The new book by Antonin Scalia and Bryan A. Garner is very sure of itself—in fact, far too much so.
A simple question for Antonin Scalia and Bryan A. Garner: Who presides at a vice president’s impeachment trial? The Constitution’s text seems straightforward: According to Article I, Section 3, “The Vice President of the United States shall be President of the Senate,” and “The Senate shall have the sole power to try all Impeachments.” So if we follow the text’s literal meaning, the vice president gets to preside over his own impeachment.
Is this plain-meaning argument decisive? Of course not, as I explain in the opening pages of my new book, America’s Unwritten Constitution: The Precedents and Principles We Live By. But in their own new book, Reading Law: The Interpretation of Legal Texts, Scalia and Garner appear to embrace an approach that would indeed allow vice-presidential self-dealing of this grotesque sort. The key issue here is how judges and other interpreters should respond when the literal text seems to direct an absurd result—allowing, for example, a person to preside over his own case, or enabling a man to inherit the estate of the rich aunt whom he murdered in cold blood precisely in order to profit from his wrongdoing.
Were the authors of Reading Law merely obscure legal scribblers, the book’s overreliance on apparent textual plain meaning, and its undervaluation of various venerable exceptions to literalism such as “the absurdity doctrine” (as it is widely called), might not be cause for alarm. But of course, Antonin Scalia enjoys special authority as an intellectually ambitious and stylish jurist—a former professor at several leading law schools, and currently the senior associate justice on the Supreme Court. In this book, targeted especially at lawyers, law students, and lower-court judges but also attempting to draw in a wider circle of civic-minded citizens, Scalia and his erudite co-author (also a law professor and the current editor-in-chief of the prestigious Black’s Law Dictionary) aim to offer a treatise-like account of the rules and principles of statutory and constitutional interpretation. The result is a sprawling patchwork comprising dozens upon dozens of self-contained subsections, each exploring a different canon of legal interpretation.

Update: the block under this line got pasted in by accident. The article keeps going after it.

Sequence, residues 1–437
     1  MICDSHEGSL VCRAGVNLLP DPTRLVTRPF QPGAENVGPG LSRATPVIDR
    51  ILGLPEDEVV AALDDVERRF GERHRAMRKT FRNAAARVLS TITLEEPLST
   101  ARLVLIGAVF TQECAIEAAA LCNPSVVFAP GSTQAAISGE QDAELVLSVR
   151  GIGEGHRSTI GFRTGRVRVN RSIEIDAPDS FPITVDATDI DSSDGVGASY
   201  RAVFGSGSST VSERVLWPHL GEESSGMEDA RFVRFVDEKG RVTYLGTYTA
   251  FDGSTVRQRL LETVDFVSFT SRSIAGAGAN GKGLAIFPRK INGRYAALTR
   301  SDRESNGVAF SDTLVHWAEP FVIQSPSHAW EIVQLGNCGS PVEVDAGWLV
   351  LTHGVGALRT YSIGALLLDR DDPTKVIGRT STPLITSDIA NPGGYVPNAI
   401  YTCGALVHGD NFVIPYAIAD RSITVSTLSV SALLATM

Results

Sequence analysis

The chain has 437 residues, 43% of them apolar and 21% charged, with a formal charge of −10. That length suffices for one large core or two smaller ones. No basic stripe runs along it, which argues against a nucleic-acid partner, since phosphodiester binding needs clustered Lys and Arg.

I am not an expert on all or even most of these canons, and several of them are far more notable in ordinary statutory interpretation than in constitutional exegesis—my own area of expertise. Indeed, one overall weakness of Reading Law is that it does not clearly and in one place explain all the ways in which constitutional interpretation might sensibly differ from ordinary statutory interpretation. A strongly literalistic approach might make sense when dealing with prolix and often technical statutes drafted by and for legal insiders and easily amended by sitting legislatures. But does a similar willingness to emphasize letter at the expense of spirit make sense when dealing with the written Constitution—a uniquely terse and hard-to-amend document designed to be broadly accessible to layfolk and to serve as a unifying cultural symbol setting forth first principles? Also, unlike most statutes, the written Constitution is a temporally extended text, uniting amendments spanning centuries. All of its amendments have simply been tacked on to the end of earlier versions of the document without comprehensively rewriting earlier language. Doesn’t the very nature of such a document involve unique interpretive questions about how broadly to reread earlier patches of constitutional text to harmonize with the purpose and spirit and logic of later amendments?